Service is Key

USD Veteran's Legal Clinic head Bob Muth


Bob Muth was a senior at Northwestern University when he watched the horrors of 9/11 unfold on TV and decided it was time to serve his country. He was part of the first class of newly minted officers who walked into military recruiting offices in the days following the tragedy.

The Marines sent Muth (pictured) to law school at Duke University. He went on to become a captain and judge advocate in the U.S. Marine Corps, serving as the senior defense counsel for the Marine Corps in Iraq.

Muth served in the Marines until 2009, when he was named the Defense Counsel of the Year, Navy-Marine Corps Trial Judiciary, Western Judicial Circuit. He did a stint as a civil litigator before coming to the University of San Diego in 2012 to establish the School of Law’s Veterans Legal Clinic, funded during the silent phase of the Leading Change campaign.

As the clinic’s managing attorney, Muth initially oversaw second- and third-year law students who represented veterans in disputes with for-profit schools over the use of their GI Bill funds.

“They are being promised all sorts of specific things with respect to the quality of their education, the pace at which they can complete the program, their job prospects upon completion, the type of salary they can expect, the accreditation of the school, and the credentials of the people teaching and even the services provided to veterans with disabilities,” Muth says. “But the promises are empty.”

The clinic’s focus has since expanded to represent veterans seeking corrections to their military records, upgrades of their discharge status or resolution of disputes over access to medical care and disability compensation benefits.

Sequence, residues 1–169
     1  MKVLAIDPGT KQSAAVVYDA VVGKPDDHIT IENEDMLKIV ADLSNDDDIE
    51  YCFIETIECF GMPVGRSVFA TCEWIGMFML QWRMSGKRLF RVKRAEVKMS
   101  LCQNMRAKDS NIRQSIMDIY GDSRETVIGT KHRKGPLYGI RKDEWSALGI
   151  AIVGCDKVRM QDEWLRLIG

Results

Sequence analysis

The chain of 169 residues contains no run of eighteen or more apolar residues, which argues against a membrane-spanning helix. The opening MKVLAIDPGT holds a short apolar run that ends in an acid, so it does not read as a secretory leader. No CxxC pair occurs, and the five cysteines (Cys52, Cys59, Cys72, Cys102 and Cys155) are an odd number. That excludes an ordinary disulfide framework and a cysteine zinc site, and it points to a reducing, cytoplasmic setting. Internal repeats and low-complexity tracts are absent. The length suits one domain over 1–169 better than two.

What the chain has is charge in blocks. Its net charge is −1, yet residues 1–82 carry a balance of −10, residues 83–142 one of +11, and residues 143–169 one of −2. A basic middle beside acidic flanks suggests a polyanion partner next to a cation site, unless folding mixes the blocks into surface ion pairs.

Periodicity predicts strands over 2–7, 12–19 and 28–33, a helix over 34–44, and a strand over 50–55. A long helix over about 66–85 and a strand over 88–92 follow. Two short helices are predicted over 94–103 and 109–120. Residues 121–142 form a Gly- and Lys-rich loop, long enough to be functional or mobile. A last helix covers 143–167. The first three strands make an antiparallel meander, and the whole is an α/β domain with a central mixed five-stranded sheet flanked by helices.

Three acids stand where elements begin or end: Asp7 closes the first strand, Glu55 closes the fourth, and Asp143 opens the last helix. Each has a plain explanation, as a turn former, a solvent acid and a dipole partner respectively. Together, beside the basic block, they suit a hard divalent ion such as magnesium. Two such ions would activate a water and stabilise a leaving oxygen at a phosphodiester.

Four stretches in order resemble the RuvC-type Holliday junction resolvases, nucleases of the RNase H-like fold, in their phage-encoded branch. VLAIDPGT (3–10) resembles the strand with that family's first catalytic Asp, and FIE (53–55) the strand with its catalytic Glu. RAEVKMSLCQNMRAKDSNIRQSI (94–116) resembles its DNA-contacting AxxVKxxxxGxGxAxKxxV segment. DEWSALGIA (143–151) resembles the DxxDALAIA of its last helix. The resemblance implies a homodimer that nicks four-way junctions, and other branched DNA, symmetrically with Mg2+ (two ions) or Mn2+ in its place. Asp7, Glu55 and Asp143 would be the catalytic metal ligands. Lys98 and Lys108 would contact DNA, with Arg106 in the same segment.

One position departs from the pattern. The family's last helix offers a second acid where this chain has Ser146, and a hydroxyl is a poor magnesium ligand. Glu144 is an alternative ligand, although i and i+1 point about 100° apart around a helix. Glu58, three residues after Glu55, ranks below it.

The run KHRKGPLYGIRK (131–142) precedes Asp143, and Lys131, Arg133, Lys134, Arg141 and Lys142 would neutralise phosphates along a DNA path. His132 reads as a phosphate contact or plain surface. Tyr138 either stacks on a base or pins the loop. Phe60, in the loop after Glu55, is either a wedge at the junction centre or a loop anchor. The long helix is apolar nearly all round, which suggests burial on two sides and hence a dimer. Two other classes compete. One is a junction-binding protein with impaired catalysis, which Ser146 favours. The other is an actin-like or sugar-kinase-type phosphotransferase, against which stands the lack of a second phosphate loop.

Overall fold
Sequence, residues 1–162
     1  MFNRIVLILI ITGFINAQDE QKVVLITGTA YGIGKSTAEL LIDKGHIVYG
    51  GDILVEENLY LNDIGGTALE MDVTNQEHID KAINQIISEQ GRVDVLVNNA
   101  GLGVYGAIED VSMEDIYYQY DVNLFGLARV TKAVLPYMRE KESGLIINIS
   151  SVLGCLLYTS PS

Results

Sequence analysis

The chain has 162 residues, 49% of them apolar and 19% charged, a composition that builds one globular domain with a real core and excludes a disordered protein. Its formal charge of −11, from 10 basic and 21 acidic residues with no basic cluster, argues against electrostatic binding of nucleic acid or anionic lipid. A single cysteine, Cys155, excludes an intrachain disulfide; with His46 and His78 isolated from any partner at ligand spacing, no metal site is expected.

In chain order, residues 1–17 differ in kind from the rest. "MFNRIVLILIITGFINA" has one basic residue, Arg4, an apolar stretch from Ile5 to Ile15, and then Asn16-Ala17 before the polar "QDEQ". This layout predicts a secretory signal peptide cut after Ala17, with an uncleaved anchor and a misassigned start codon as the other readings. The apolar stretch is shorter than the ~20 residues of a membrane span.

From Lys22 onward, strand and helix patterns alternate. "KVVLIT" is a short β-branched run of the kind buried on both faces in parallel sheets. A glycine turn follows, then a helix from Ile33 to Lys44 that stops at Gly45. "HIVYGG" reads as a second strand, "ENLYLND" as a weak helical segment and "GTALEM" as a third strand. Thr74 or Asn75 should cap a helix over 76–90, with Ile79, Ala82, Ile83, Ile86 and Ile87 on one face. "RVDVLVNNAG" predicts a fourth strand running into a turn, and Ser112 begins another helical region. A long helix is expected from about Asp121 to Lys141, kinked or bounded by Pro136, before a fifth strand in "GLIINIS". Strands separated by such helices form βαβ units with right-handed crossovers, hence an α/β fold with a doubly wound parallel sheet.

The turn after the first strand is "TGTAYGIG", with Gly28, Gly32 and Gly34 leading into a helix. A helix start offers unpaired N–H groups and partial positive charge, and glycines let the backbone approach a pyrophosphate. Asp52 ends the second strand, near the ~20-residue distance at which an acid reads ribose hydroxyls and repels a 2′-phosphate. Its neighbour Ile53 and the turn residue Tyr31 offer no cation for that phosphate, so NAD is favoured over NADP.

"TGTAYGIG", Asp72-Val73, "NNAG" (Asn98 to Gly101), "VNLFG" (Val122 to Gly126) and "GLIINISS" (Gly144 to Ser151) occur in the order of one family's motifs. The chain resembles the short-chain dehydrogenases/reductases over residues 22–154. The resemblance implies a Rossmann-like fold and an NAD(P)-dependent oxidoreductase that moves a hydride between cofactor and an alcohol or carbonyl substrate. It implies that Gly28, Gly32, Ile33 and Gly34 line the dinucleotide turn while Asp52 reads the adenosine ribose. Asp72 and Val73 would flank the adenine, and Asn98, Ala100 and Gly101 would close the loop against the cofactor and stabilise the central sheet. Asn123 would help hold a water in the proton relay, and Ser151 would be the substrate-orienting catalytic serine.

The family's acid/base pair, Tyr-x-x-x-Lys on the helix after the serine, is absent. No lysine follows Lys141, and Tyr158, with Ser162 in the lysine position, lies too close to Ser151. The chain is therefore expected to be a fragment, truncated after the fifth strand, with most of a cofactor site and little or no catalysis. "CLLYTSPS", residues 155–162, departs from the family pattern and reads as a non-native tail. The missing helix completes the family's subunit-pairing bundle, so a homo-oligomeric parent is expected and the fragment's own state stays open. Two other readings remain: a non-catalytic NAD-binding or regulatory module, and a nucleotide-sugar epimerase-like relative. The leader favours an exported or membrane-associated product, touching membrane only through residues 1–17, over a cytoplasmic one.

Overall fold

“At any given time, we will have more than a hundred open matters,” says Muth, who also teaches a course in legal ethics and is now the academic director for all 10 legal clinics in the School of Law. “We have dual missions. One is to serve the community by providing pro bono legal assistance to those most in need. The other is to provide high quality training to law students and to ensure that they have the real-world skills needed to effectively practice upon graduation.”

School of Law students are involved in their assigned cases at every point along the way — from the initial intake to court appearances, seated at the counsel’s table next to their supervising attorney.

Some of the clinic’s clients are homeless veterans who clinic students have been able to secure medical care, disability benefits and other veterans benefits previously out of reach.

Muth explains, “It is incredibly empowering for the law students to see the difference their training and skill can make in the lives of a deserving veteran.” — Krystn Shrieve

Photo by Marshall Williams

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